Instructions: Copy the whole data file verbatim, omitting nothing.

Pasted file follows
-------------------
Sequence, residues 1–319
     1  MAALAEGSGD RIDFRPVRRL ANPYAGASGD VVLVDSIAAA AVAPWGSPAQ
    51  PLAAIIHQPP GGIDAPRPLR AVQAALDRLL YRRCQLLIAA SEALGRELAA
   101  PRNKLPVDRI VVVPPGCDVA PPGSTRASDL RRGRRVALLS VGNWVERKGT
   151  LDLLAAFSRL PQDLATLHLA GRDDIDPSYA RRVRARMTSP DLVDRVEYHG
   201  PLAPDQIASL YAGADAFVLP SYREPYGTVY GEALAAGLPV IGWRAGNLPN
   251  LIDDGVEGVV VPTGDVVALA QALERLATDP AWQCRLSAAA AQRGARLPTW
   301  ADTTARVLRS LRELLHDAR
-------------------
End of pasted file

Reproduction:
Sequence, residues 1–319
     1  MAALAEGSGD RIDFRPVRRL ANPYAGASGD VVLVDSIAAA AVAPWGSPAQ
    51  PLAAIIHQPP GGIDAPRPLR AVQAALDRLL YRRCQLLIAA SEALGRELAA
   101  PRNKLPVDRI VVVPPGCDVA PPGSTRASDL RRGRRVALLS VGNWVERKGT
   151  LDLLAAFSRL PQDLATLHLA GRDDIDPSYA RRVRARMTSP DLVDRVEYHG
   201  PLAPDQIASL YAGADAFVLP SYREPYGTVY GEALAAGLPV IGWRAGNLPN
   251  LIDDGVEGVV VPTGDVVALA QALERLATDP AWQCRLSAAA AQRGARLPTW
   301  ADTTARVLRS LRELLHDAR